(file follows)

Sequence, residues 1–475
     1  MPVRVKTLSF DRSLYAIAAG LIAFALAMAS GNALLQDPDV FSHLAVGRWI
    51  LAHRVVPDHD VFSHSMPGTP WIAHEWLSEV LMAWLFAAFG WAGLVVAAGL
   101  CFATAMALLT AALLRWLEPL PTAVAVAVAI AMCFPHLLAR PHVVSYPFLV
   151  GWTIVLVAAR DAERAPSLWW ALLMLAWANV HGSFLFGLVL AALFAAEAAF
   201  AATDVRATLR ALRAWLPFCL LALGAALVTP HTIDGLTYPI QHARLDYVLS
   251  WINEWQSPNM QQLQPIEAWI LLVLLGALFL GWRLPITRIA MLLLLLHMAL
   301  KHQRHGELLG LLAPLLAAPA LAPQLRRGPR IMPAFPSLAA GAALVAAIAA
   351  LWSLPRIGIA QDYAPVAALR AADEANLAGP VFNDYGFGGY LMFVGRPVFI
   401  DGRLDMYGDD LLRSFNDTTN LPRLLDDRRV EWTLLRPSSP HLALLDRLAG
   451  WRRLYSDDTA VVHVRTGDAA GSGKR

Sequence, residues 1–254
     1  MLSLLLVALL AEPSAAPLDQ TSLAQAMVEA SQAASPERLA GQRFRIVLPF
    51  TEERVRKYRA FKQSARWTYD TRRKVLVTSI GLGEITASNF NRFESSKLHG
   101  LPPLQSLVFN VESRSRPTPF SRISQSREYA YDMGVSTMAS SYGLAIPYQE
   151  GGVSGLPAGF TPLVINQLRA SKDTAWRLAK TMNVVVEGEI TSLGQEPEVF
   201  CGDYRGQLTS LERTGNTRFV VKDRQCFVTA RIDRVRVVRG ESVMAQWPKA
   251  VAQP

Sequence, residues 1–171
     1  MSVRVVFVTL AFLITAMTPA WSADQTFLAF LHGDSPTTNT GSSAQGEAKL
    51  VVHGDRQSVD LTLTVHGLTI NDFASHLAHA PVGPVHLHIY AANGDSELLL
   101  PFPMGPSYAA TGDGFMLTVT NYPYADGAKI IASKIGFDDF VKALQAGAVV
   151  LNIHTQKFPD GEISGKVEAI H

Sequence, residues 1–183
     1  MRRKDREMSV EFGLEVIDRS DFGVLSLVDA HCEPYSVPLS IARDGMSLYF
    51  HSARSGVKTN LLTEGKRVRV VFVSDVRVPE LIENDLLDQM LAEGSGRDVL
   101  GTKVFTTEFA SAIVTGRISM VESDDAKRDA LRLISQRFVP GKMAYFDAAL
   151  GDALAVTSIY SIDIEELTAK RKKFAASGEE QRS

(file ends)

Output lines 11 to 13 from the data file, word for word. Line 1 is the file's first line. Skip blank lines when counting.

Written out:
   451  WRRLYSDDTA VVHVRTGDAA GSGKR

Sequence, residues 1–254
     1  MLSLLLVALL AEPSAAPLDQ TSLAQAMVEA SQAASPERLA GQRFRIVLPF